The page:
Recently, my colleagues and I returned to Nashville to resume committee meetings and begin the process of completing our calendars for the year. Thanks to the hard work of the staff inside the Cordell Hull Building and House chamber, we have implemented logical precautions in accordance with the Tennessee Pledge to preserve the health and safety of all who have entered our facility and the Capitol, including members of the general public.

Precautions like temperature checks, social-distancing reminders and thorough cleaning practices, as well as Lexan barriers between members’ seats in committee rooms and on the House floor allowed for 18 different committees to meet over the final week in May to discuss and debate nearly 400 bills. A total of 58 measures were also passed on the House floor during the first week in June, thanks in part because we added some of these protections to limit possible exposure to Covid-19 and other illnesses.

While the budget remains an important focus, there are several other issues that we have prioritized prior to Covid-19 arriving in Tennessee. Currently, bills that protect the rights of our hunters and fishermen from unreasonable searches and seizures of their property, as well as a bill that clarifies the requirements and operational practices of bail bondsmen and bounty hunters are gaining momentum in the House. Another bill that authorizes courts to wave certain fees related to diversion is now moving on to the Finance, Ways, and Means Committee.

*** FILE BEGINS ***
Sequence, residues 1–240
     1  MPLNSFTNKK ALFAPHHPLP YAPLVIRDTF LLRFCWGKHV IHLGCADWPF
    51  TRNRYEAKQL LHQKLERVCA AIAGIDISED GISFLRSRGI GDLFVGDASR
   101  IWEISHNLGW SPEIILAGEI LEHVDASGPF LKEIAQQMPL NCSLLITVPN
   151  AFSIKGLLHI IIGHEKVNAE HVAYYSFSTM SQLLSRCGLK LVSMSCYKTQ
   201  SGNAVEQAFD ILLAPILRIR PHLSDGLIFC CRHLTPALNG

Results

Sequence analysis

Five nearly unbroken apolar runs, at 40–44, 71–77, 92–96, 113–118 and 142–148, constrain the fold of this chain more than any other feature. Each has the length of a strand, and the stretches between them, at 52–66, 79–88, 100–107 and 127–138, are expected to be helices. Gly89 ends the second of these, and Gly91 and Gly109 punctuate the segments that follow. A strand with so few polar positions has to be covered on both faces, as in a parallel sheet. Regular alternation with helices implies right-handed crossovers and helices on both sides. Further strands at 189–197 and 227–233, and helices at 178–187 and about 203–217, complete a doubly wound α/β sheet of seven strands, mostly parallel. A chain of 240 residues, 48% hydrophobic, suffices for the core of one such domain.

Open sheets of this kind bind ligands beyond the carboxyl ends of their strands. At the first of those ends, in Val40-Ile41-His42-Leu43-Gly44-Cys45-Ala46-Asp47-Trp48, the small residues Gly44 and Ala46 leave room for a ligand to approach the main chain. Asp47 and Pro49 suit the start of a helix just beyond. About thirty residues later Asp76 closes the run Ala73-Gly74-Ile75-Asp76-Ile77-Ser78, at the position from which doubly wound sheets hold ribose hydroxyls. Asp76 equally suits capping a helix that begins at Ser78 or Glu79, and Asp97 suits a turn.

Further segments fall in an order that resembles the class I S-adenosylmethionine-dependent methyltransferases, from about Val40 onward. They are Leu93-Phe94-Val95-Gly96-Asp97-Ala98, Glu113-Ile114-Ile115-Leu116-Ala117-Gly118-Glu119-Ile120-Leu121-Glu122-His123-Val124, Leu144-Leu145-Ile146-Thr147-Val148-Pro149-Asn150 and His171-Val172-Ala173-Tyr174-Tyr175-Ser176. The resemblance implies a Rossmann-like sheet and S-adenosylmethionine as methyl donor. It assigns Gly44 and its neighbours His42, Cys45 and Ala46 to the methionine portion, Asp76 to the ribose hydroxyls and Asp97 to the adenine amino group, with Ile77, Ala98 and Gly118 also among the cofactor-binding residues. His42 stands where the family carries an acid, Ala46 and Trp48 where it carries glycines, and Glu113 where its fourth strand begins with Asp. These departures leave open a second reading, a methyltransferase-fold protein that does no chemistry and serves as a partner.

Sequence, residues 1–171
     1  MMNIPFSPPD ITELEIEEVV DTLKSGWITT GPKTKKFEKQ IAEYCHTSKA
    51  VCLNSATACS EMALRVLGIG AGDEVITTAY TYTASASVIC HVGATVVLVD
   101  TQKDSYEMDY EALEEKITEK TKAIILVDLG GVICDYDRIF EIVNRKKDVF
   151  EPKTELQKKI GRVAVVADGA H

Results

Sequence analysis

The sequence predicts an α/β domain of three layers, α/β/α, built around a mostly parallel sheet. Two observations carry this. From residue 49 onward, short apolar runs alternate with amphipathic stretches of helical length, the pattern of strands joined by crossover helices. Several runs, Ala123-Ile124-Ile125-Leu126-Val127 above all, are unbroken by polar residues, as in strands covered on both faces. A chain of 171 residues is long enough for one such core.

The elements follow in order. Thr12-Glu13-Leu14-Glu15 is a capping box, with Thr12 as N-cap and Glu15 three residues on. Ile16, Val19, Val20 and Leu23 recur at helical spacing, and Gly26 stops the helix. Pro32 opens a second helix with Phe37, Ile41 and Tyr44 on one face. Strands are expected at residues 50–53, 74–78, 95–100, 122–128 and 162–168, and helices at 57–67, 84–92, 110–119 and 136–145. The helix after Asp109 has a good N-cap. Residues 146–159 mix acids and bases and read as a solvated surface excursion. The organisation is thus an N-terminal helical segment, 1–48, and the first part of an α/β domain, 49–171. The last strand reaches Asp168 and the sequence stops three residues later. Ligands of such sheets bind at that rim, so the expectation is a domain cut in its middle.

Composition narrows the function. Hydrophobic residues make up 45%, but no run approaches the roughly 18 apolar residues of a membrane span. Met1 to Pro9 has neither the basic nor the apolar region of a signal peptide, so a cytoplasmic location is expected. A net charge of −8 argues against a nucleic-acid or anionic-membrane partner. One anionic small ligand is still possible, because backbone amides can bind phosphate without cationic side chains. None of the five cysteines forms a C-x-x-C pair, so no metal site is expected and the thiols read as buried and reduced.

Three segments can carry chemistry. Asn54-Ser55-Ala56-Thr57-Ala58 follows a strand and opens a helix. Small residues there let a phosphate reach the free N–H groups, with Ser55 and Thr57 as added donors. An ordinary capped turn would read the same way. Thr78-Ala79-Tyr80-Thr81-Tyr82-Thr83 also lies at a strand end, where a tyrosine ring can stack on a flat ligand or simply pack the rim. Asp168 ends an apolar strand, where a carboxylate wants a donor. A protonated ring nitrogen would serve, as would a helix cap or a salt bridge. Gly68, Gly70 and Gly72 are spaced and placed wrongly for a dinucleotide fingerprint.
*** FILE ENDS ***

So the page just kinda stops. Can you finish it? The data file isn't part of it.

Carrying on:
Initiatives that expand tuition reimbursement opportunities for our National Guard members working towards their master’s degree, vocational and technical certificates, as well as bills that enhance criminal penalties against those who harm our first responders and those who operate a boat while under the influence of alcohol have also advanced, and they continue to move closer to a possible vote in the House.

We all represent a district of roughly 65,000 citizens, and each district and each citizen has unique needs. These are just some of the ways we continue to fight on your behalf and for our great state. Brighter days are ahead of us, and I know we will all look back on this extraordinary period, and we will be thankful that we stood together to ensure a brighter future for our children and for future generations.

It is truly an honor to serve you, and I am humbled with the trust you have placed in me. May God continue to bless all of you and the great state of Tennessee.

William Lamberth is the House Majority Leader for the 111th Tennessee General Assembly. He is also a member of the House Finance, House Government Operations, and House Calendar & Rules Committees, as well as the House Criminal Justice Subcommittee. Lamberth lives in Portland and represents Tennessee House District 44, which includes part of Sumner County.

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